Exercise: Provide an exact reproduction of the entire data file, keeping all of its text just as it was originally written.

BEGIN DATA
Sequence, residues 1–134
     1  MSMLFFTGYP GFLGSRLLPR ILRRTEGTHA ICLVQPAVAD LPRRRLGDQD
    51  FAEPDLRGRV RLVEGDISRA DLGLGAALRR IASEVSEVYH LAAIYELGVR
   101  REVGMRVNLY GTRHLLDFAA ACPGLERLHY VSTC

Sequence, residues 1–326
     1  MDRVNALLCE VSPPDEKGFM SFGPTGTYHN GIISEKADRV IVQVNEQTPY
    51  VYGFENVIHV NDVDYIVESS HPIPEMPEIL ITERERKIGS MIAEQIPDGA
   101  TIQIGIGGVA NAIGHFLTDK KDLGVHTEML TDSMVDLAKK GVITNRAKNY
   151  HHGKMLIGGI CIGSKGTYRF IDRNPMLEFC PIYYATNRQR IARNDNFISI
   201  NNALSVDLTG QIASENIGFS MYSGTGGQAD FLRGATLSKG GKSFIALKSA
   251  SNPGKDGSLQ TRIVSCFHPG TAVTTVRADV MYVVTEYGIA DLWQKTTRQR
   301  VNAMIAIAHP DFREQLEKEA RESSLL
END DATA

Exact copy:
Sequence, residues 1–134
     1  MSMLFFTGYP GFLGSRLLPR ILRRTEGTHA ICLVQPAVAD LPRRRLGDQD
    51  FAEPDLRGRV RLVEGDISRA DLGLGAALRR IASEVSEVYH LAAIYELGVR
   101  REVGMRVNLY GTRHLLDFAA ACPGLERLHY VSTC

Sequence, residues 1–326
     1  MDRVNALLCE VSPPDEKGFM SFGPTGTYHN GIISEKADRV IVQVNEQTPY
    51  VYGFENVIHV NDVDYIVESS HPIPEMPEIL ITERERKIGS MIAEQIPDGA
   101  TIQIGIGGVA NAIGHFLTDK KDLGVHTEML TDSMVDLAKK GVITNRAKNY
   151  HHGKMLIGGI CIGSKGTYRF IDRNPMLEFC PIYYATNRQR IARNDNFISI
   201  NNALSVDLTG QIASENIGFS MYSGTGGQAD FLRGATLSKG GKSFIALKSA
   251  SNPGKDGSLQ TRIVSCFHPG TAVTTVRADV MYVVTEYGIA DLWQKTTRQR
   301  VNAMIAIAHP DFREQLEKEA RESSLL